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When we last checked in with Anshu Jain, Deutsche Bank’s head of corporate and investment banking, there were rumors that, despite rave reviews from the likes of Larry Fink and other DB shareholders, he might be passed over for the job of CEO at Deutsche for being (1) not German and (2) “a bond and derivatives technician at a time when the practices of all major banks are still being scrutinized.”
Fortunately for Jain, Deutsche Bank has come partially to its senses and named him to succeed CEO Josef Ackermann, who will step down in 2012. But to preserve DB’s Teutonic je ne sais quoi, Jain will have some homeland supervision: Read more »
Last week, Deutsche Bank held a party for a few hundred clients at a resort in England. The event was catered by celebrity chef Heston Blumenthal, who created “hundreds of gin and tonic meringues, cooked in front of guests in liquid nitrogen,” included spa treatments and unlimited rounds of golf and was deemed an “exquisite experience” for all attendees. Having said that, there were some behind the scenes issues when it came to the evening’s entertainment, the mistakes of which any firm planning a conference/weekend/what have you in the future should take note. Initially, Deutsche Bank, for some reason, had hoped to wow clients with a performance by the Black Eyed Peas. Unfortunately, the Germans were apparently unaware of the fact that this supergroup of artistic purists believe they’re in a position to play hard ball.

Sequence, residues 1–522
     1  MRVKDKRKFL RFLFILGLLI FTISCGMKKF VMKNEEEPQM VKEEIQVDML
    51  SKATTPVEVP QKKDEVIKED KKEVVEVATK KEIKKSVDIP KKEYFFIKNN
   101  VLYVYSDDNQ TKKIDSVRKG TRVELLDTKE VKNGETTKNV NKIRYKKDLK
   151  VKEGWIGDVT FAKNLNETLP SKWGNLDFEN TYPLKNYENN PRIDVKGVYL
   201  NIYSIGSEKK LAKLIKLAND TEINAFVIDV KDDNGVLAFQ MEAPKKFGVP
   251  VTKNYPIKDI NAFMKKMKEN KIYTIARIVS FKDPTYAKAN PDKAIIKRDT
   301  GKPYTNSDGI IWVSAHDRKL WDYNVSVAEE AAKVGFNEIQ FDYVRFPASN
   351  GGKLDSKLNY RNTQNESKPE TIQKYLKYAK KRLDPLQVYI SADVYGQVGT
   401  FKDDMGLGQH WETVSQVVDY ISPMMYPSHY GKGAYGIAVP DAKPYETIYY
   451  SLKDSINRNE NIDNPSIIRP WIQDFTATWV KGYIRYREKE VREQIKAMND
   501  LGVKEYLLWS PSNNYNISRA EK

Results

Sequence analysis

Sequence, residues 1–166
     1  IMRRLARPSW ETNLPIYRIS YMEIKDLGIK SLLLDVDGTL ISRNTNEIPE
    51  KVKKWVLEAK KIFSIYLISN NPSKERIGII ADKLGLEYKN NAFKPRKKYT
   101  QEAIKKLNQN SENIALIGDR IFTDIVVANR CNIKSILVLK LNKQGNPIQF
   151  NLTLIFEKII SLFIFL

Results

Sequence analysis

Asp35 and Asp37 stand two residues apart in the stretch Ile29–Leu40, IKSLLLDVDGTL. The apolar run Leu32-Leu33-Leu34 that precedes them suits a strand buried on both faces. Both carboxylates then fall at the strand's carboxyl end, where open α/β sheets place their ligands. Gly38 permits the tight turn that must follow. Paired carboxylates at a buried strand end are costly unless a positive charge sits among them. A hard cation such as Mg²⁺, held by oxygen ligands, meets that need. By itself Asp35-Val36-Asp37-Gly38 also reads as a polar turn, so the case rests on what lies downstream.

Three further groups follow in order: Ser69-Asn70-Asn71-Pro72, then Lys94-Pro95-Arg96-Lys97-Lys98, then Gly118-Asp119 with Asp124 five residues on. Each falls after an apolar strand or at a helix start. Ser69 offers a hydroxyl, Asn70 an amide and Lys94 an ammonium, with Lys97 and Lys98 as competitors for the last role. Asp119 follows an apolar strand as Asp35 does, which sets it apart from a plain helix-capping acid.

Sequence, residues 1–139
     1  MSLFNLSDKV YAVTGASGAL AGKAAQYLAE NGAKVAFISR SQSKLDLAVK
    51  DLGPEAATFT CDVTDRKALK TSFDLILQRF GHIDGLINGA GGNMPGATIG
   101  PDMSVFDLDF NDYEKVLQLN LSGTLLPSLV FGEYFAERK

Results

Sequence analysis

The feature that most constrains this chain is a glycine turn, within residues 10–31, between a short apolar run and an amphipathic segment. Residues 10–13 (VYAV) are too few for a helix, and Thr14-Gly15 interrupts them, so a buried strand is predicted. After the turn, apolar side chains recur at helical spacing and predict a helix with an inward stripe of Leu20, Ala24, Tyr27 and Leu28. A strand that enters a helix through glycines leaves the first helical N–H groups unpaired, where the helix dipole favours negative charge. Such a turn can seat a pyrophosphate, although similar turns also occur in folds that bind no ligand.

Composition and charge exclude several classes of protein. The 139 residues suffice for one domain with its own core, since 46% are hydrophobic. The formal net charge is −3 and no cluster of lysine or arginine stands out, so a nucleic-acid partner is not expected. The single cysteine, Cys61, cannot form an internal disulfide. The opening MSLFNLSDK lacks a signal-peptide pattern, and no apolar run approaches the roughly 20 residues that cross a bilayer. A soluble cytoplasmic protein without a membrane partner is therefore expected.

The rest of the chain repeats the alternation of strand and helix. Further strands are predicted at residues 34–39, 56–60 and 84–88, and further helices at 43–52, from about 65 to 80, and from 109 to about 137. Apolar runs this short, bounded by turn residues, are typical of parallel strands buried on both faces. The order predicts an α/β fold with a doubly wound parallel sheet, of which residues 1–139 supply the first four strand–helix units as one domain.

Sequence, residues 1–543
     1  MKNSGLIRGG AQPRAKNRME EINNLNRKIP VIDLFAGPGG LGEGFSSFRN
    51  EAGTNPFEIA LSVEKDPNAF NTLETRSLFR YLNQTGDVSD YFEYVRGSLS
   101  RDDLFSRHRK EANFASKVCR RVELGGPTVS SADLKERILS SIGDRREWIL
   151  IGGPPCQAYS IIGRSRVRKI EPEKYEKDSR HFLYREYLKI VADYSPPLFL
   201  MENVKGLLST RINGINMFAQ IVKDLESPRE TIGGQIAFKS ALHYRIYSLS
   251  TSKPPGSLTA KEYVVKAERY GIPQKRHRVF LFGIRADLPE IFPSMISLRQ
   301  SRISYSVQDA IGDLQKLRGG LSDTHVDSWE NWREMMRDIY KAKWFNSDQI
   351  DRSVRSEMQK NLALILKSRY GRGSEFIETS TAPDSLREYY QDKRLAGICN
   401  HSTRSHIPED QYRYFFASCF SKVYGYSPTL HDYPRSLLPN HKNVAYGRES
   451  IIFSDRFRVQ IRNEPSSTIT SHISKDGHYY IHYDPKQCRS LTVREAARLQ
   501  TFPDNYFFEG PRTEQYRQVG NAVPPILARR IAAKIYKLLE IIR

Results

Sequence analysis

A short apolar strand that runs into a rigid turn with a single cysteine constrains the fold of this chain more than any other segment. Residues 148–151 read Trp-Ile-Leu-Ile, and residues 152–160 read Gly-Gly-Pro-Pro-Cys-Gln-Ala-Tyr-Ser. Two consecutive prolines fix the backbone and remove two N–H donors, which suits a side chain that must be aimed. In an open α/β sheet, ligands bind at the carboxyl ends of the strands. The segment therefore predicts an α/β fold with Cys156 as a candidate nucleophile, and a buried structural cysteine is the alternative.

Organisers had initially contacted one of the world’s biggest bands, The Black Eyed Peas, asking them to perform instead. ‘They had offered even more money to The Black Eyed Peas to appear,’ a source revealed. ‘Unfortunately the group’s management said they refused to perform live for the bankers, even for that kind of money, and would only lip-sync to their hits.
While the Peas undoubtedly do believe they’re too good to strain their vocal chords and memorize lines for a group of financial services employees, what was clearly lost in translation was that the band has a tiering system and that this is how they negotiate. Deutsche was supposed to come back to the table and offer more, at which time Fergie would have explained to them that the bronze level (£1,000,0000) gets you a methed out Fergie (you supply the meth) plus 10 minutes of lip-syching, silver (£5,000,0000) gets you 30 minutes of lip-syching and attitude and gold gets (£10,000,0000) you an actual live performance. DB organizers did not know this, though, and simply told the Peas to piss off, as they could do better. Potential nip-slip better. Read more »
Getting out of town for the long weekend? If you’re traveling by plane, perhaps we should take a moment to review a couple of items the FAA is not cool with you stashing in your carry-on. Gulf-clubs. Cattle prods. Regular-sized bottles of shampoo. Gel-type candles. Guns. Yes, guns! It’s pretty wild but they’re still not letting people bring them on planes. If this comes as a shock, don’t feel bad because you’re not alone- it’s a crazy rule one Deutsche banker was unaware of, as well. Read more »
Say what you will about the Germans, they took this stuff in stride. Read more »